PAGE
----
The transistors N0 and N1 are doped differently so that the threshold VT1 of the transistor N1 is greater than the threshold VT0 of the transistor N0. The transistor N0 is, for example, a native transistor and the transistor N1 is said to be enhanced by means of an additional p type doping of the channel.
Assuming that the transistor N1 is biased in saturated mode, it is possible to write, as an initial approximation:
--k1 and k2 depend on the mobility of the electrons and the capacitance of the gates per unit of surface area,
--W0/L0 and W1/L1 are the dimensional ratios (ratio of the width to the length) of the gates of the transistors N0 and N1,
--Va and Vb are the gate potentials of the transistors N0 and N1.
Since k1 and k2 are practically independent of the doping, we have k1=k2.
Since, furthermore, I0=βI1, if the transistors N0 and N1 are sized so as to have:
it is deduced therefrom that:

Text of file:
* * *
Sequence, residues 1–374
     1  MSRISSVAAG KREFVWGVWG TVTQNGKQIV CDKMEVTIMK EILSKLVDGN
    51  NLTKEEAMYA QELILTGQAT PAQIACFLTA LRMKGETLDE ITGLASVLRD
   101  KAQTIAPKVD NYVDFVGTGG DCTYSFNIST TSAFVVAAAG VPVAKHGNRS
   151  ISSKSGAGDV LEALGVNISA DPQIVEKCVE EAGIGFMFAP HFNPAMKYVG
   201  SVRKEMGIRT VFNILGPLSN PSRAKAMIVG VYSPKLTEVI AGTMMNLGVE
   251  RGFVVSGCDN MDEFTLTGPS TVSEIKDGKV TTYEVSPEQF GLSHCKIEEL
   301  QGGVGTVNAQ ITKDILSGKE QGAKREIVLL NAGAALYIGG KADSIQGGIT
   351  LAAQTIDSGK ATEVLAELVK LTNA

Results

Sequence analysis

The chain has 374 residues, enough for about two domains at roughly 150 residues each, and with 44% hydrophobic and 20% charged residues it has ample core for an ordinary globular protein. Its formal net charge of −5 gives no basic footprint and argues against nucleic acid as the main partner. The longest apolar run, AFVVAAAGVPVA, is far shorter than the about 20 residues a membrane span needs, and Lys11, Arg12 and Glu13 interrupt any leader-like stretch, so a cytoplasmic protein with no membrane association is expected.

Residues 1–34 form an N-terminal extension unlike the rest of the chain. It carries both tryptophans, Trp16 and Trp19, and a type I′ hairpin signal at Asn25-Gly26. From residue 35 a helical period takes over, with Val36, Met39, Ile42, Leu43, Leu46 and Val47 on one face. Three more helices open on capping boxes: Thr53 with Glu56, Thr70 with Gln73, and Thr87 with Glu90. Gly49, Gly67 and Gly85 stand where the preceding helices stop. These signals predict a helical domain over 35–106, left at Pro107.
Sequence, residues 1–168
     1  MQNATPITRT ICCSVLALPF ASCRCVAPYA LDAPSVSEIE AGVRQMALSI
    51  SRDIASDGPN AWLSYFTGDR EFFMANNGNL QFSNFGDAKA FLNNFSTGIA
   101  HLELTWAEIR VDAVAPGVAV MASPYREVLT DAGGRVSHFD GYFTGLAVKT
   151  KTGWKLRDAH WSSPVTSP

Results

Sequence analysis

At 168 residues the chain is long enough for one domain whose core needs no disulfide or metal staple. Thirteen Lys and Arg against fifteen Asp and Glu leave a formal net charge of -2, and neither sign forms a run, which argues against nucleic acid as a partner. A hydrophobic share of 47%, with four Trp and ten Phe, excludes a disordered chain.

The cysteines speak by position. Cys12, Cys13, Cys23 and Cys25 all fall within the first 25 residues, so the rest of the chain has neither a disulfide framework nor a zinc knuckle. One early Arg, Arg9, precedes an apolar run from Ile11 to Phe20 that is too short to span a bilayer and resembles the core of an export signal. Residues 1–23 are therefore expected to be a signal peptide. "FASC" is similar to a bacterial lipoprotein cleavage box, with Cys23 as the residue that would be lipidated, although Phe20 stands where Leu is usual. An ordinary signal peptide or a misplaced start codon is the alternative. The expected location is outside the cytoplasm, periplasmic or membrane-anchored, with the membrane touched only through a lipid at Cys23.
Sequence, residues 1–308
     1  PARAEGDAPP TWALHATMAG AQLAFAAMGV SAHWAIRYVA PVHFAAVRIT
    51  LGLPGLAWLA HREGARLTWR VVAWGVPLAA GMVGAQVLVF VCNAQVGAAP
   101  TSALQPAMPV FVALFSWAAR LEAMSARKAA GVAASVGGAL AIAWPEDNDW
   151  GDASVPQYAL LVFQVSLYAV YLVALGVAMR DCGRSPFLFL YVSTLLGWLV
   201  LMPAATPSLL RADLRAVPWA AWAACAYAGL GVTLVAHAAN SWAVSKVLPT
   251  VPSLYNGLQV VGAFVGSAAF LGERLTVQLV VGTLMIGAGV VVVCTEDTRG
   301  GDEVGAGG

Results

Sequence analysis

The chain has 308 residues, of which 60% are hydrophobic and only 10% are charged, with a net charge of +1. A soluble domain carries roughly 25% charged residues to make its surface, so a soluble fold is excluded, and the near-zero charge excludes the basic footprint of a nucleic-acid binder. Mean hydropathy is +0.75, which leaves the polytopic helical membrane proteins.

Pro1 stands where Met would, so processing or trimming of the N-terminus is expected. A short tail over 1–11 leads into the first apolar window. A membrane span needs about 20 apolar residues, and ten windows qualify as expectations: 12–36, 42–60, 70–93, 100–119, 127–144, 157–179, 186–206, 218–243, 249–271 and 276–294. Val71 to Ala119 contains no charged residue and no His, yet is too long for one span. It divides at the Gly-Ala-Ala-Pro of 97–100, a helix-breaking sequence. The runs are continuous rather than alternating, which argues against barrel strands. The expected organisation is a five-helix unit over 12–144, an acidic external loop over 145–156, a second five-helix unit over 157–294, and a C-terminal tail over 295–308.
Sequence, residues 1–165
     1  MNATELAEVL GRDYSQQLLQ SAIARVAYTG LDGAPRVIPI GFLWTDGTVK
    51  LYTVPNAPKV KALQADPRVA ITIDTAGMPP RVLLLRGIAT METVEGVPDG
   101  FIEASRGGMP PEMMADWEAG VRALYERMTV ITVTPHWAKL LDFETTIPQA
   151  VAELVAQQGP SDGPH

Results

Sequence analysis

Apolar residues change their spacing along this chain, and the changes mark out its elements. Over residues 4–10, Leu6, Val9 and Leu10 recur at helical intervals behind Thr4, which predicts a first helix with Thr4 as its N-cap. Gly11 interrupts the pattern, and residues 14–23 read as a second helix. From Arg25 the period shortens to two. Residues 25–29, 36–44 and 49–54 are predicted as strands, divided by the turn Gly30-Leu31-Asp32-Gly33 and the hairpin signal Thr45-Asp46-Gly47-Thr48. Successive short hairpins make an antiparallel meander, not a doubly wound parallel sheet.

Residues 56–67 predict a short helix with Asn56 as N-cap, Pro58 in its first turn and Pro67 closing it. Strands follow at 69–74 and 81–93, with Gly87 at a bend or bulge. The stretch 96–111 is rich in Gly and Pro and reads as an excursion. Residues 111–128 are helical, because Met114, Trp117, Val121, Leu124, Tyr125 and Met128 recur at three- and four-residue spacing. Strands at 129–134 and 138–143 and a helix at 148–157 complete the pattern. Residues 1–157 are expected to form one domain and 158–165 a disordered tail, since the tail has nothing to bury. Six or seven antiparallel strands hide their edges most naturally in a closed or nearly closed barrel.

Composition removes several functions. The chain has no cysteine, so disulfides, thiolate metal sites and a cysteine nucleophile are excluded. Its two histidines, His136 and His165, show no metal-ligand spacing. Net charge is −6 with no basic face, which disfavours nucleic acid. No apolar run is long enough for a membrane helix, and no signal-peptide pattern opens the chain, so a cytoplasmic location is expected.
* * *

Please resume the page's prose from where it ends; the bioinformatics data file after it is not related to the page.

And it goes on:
Thus, the voltage at the terminals of the resistor R is equal to the difference of the threshold values VT1 and VT0 of the transistors N1 and N0. The current I0 therefore depends on this difference and on the value of the resistor R but no longer depends on the values of carrier mobility.
In order to assess the dependence of the current on temperature variations, it is necessary to compute the threshold values VT1 and VT0 as well as their difference in a particular case. The threshold value VT of an NMOS transistor is given by the following equation:
--q=charge of the electron
--N=doping of the substrate
--ε=capacitance coefficient of silicon
--Cox=gate capacitance per unit of surface area.
With N=Ne for the transistor N1 and N=Nnat for the transistor N0, the following is deduced therefrom:
B=(4εK)1/2 [[Ne.ln(Ne/Ni)]1/2 -[Nnat.ln (Nnat/ni)]1/2] (1/Cox)
With a standard technology we will have for example:
Ni=1.45 1016 /m3
Cox=2.7 10-3 F/m2
we then obtain:
A=1.58 10-3 V/K
B=2.8 10-17 V/(K)1/2
It is observed that VT1-VT0 is practically proportional to the absolute temperature T and has little sensitivity to its variations.
The resistor R may be made of polysilicon and will therefore have the property of having little dependence on the temperature and on the variations in the parameters of the manufacturing method. However, it has the drawback of requiring a substantial surface area. Another approach consists of the use of a diffused resistor obtained by diffusion or implantation of n type impurities in the p type substrate. In the case of low doping and for a given temperature range, the value of a diffused resistor is given by the relationship: